Solar power is one of the major renewable energy sources being touted and rapidly developed for replacing carbon based power generation systems. Yes, by all means, once the panels are built, they seem to be carbon neutral. A good thing…but let’s not pretend that solar power is benign.

Just recently the Wisconsin Public Service Commission approved two large solar power projects for Wisconsin. One near the driftless area and one near Two Rivers.

Wisconsin will produce five times as much power from the sun, by one estimate, with the addition of two solar projects approved Thursday.

The two projects are projected to cost $390 million.


Wisconsin had about 103 megawatts of solar power at the end of last year, estimates Renew Wisconsin, which promotes renewable energy.
The two projects approved Thursday, by comparison, will add a total of 450 megawatts of generating capacity.


That’s enough power for roughly 120,000 households.

Hey, cool right? Well maybe. And the PSC is watching costs so that consumers don’t end up paying exorbitant rate increases to fund construction of these solar farms. But there’s that one word in my previous sentence that gives me pause…farms. These installations will consume a significant amount of farm land. So are we adding new pressures on farmers in Wisconsin just when they are already suffering under the strain of low dairy prices, tariffs, flooding, and increased competition? Will farmland become so attractive to solar power advocates that we price our farmers off the land?


He (PSC Commissioner Mike Huebsch) also noted that the two projects will require a total of about 5,000 acres.


“Farming and farmland use is something that is deep in the heart of state, and it is not something we should take lightly,” Huebsch said during the hearing. “This is a significant issue that we need to be cognizant of as we move forward.”

Can we find better locations for solar panels than farmland? Parking lots? Additional rooftops? ??

And I didn’t see anything about an environmental impact study in the article linked above. There will certainly be an environmental impact. We know what wildlife and plant life lives on farms. We know the impact of livestock. We know what crops are grown and how they affect the environment. We watch for runoff. We watch out for wetlands (well except for the former governor). We watch out for woodlots.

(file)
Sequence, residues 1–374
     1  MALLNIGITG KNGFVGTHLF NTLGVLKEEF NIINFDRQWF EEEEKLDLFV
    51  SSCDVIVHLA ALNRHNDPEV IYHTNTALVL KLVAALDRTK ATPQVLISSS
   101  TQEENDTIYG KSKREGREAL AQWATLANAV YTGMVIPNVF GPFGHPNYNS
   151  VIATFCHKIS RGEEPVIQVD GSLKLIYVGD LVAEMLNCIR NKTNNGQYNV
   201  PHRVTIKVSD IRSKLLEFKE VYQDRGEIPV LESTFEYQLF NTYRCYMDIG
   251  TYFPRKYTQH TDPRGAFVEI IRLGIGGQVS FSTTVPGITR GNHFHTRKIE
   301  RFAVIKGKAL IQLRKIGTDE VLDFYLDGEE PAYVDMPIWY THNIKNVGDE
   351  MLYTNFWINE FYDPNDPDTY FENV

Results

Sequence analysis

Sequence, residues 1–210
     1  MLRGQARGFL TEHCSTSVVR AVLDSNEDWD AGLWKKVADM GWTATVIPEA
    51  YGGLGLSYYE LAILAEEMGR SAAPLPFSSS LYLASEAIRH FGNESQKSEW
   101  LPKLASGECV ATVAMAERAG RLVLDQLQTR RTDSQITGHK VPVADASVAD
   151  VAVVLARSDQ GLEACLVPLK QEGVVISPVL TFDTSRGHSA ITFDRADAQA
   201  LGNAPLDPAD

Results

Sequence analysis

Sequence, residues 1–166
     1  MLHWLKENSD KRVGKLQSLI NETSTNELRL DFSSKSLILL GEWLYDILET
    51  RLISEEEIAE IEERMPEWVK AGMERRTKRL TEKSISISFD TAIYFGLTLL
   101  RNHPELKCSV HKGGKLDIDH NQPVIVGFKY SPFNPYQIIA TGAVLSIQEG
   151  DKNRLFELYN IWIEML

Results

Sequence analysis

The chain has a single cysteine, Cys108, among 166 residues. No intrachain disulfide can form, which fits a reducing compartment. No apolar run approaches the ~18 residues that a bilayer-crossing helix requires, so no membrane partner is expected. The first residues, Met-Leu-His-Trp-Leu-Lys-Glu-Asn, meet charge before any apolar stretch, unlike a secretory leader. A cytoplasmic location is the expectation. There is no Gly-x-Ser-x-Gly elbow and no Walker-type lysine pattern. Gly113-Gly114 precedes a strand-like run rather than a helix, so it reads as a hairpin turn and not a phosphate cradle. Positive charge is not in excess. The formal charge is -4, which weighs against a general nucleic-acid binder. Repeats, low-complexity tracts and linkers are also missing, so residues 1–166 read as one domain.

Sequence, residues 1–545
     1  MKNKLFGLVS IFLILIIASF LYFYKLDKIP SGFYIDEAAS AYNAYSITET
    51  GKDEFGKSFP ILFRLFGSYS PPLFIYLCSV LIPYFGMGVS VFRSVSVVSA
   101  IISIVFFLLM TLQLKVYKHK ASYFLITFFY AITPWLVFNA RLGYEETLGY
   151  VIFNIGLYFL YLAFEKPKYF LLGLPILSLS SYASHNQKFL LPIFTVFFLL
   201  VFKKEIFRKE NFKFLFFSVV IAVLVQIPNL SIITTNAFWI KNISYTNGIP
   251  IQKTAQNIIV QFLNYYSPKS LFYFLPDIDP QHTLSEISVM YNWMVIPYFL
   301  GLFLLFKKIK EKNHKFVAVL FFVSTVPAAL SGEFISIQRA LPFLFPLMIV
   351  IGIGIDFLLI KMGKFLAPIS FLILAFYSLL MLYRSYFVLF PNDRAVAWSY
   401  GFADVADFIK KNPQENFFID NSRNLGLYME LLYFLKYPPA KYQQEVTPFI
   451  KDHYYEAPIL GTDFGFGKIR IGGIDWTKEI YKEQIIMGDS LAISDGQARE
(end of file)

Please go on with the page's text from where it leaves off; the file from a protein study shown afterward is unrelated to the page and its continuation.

But what happens when we replace fields of grain with fields of solar panels? Do we reduce the temperature at ground level significantly enough to change the micro-environment? If you think I am being silly, you certainly have been aware since childhood that standing in the shade of a tree in your yard is cooler than standing in direct sunlight. How does plant life change? You certainly have to provide ground cover beneath the panels to prevent soil erosion…rain water needs to be accounted for and soaked in where ever possible. So what do we need for vegetation? Partial shade plants? Full shade plants? Are there native plants we can use?

Trees??? What about trees? We can’t have them shading the panels or blowing over onto them…or depositing leaves on them. We don’t want to lose one of nature’s most effective carbon sinks.

So when rain runs off the panels, what happens? Do we need landscaping to prevent creating divots under the ends of the panels? Do we have to account for potential riverlets? ??

And if we change the fauna, what happens to other species. What changes in insect life will we see? Additional loss of bees? Butterflies? Will we lose native insects as a food source for native birds? Will we lose birds?

A year or so ago, I saw an article about a solar array going up on acres and acres of desert in the southwest. I had similar concerns then. I know to most of you, that seems like a useless, desolate place. But if you change the temperature at the ground and shade the indigenous plant life, what happens next? Do you change the weather patterns (apparently yes since solar panels are being considered to stop the growth of the Sahara desert)? The flora and fauna there tends to be more specific than what we have in Wisconsin.

I don’t feel the concerns are that big for urban roof tip arrays or those in parking lots. They aren’t changing the flora or fauna of their location. But if we are replacing agriculture with solar panels, what are the potential unintended consequences?

One Response to Solar Power: Be Careful What You Ask For.

Leave a Reply

Your email address will not be published. Required fields are marked *

This site uses Akismet to reduce spam. Learn how your comment data is processed.

Set your Twitter account name in your settings to use the TwitterBar Section.